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Social Media and the Younger Generations

Updated: Oct 5, 2023

I was about fifteen years old when I first joined social media, which was lightyears after most of my peers. By that age, they were well-seasoned veterans. Six years later at twenty one years old, I can probably count on one hand the amount of days I’ve spent away from social media. A frightful yet accurate remark. While most generations wake up and check the news, my generation's eyes are barely open before logging onto Instagram, Tik Tok, Twitter, etc. In many ways, these social media platforms have become our sources of news. However, there seems to be an immediate, almost critical reaction to this idea. The legitimacy of social media, a space almost completely inhabited by the younger generation, seems too far-fetched for the generations before us. Repeatedly, we are told that this cannot be, because social media is not reality. But what if this is the new reality, what then?

Now, I am not blind to the fact that social media can be a very harmful and misleading place. With such a large audience, and no shortage of content, disinformation floats around like a ship lost at sea. This is the danger of social media: exposure to fake news and propaganda and the difficulty of having to identify it. But what about this is different from any other source of news? Disinformation has been an issue long before social media became as prevalent as it is today. The risks are the same, and the damage is just as detrimental. The only difference is that social media isn’t seen as a reliable source of news.

When you hear the words “Tik Tok”, you probably think of short, thirty second dance videos. Perhaps your mind first visits one of the many foolish trends. Regardless of what it is you think of, I can almost guarantee it’s not influencers such as @pearlmania500, a creator who shares news stories and political discourse and was invited to the scene of the I95 collapse in PA by the governor because the governor knows that he has more reach and influence locally than any news channel when it comes to young people. Or @underthedesknews, who has been to the white house multiple times for the same reason. Users such as these create content that spreads just the same as any other Tik Tok trend or challenge. You see, the unique aspect to these social media platforms is the ability to choose the content you consume. And, as views and popularity grow, content finds itself onto more and more users' screens. Eventually, it becomes unavoidable.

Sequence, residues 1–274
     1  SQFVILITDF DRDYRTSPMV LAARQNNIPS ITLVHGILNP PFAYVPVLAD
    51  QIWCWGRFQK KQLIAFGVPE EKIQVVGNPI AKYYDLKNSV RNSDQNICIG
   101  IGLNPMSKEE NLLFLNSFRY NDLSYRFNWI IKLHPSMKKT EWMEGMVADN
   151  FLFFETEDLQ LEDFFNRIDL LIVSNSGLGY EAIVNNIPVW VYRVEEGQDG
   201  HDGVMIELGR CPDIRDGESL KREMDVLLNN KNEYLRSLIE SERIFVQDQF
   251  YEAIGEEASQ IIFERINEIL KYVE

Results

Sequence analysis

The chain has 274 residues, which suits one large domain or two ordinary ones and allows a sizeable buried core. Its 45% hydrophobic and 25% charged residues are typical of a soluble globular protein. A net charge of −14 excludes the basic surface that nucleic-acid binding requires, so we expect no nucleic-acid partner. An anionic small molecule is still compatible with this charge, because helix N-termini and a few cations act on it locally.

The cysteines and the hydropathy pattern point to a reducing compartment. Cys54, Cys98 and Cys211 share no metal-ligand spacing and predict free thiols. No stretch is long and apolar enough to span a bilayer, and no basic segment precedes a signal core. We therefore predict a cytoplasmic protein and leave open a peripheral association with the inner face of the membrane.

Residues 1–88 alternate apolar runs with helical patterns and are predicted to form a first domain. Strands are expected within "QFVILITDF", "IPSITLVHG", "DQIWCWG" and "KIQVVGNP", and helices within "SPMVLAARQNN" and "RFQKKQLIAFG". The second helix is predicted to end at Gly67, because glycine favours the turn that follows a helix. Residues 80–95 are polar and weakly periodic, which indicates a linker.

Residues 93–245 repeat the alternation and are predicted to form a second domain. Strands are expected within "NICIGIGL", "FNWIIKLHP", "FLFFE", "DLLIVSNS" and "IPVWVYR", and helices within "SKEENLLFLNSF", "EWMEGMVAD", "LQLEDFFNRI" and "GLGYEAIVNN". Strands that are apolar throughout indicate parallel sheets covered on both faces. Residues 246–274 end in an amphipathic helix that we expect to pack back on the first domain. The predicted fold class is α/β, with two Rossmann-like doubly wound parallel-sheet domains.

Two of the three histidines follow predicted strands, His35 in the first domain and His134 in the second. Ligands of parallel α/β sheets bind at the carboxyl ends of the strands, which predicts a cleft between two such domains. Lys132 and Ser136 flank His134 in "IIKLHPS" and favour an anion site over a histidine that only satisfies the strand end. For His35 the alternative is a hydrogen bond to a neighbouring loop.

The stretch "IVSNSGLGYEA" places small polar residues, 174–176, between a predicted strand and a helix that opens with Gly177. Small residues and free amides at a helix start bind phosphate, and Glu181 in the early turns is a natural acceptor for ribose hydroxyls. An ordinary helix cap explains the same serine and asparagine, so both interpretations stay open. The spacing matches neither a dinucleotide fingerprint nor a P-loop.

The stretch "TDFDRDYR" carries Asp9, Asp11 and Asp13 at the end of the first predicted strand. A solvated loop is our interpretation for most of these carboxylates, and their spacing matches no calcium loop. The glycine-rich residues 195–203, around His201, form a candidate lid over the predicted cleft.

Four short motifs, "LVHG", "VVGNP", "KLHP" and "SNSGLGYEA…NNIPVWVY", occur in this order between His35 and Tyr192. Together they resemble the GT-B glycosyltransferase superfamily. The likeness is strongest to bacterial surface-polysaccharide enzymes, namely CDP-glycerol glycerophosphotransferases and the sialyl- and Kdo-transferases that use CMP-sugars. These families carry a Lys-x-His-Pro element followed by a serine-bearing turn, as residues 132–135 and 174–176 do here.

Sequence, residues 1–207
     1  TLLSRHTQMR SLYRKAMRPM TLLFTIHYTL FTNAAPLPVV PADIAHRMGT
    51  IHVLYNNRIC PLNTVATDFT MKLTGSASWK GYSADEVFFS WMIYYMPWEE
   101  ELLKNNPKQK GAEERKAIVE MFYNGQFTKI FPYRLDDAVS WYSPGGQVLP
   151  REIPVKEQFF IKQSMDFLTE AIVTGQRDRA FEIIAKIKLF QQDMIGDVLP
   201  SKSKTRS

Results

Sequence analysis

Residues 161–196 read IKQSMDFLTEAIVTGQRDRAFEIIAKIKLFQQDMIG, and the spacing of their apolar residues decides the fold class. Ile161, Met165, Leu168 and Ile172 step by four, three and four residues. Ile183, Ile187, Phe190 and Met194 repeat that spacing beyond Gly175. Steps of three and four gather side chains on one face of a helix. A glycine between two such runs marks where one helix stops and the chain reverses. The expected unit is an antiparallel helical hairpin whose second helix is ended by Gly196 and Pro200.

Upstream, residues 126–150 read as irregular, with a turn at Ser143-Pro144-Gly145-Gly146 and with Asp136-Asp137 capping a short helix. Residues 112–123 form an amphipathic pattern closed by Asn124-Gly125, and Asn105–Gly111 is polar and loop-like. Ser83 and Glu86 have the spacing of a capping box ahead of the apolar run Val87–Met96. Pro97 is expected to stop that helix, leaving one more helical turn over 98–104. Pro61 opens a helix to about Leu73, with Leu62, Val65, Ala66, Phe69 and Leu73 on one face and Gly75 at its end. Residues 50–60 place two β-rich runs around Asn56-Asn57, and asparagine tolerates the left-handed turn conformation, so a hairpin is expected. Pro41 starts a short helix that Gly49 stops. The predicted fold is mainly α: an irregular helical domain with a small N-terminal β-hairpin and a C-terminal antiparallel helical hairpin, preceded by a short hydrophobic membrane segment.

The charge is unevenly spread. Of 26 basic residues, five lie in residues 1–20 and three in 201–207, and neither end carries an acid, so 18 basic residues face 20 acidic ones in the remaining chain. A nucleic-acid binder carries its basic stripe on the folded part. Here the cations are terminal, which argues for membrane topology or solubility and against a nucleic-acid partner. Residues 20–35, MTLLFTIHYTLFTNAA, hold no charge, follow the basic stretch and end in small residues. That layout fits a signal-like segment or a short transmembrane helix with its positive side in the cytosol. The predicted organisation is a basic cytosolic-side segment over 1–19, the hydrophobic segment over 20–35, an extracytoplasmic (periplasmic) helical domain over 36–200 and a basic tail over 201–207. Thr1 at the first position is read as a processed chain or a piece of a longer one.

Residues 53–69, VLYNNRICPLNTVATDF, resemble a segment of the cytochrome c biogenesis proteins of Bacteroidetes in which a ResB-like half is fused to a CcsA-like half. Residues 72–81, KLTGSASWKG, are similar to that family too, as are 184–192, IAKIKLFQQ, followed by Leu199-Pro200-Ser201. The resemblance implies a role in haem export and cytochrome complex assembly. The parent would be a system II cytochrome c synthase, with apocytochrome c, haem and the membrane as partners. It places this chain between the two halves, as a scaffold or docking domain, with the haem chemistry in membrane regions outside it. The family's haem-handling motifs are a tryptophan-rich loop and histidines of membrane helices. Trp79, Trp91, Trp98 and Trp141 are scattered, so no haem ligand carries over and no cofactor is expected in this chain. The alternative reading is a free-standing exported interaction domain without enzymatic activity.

So, maybe the problem is not how we are consuming our news, but more so the accuracy of what we are consuming. And to me, that isn’t just an issue on social media, but one as a society. I believe it is more important to learn key skills of identifying disinformation in the media using strategies such as critical thinking and asking questions, rather than expending energy to fight what seems to be the inevitable. If our youth, our future, is growing up under the influence of a different source of media, why shouldn’t we encourage that media to consist of things that will benefit users? Why not allow Tik Tok and Instagram to become common and dependable sources of news? A new reality is not a bad one…as long as we don’t allow it to be.


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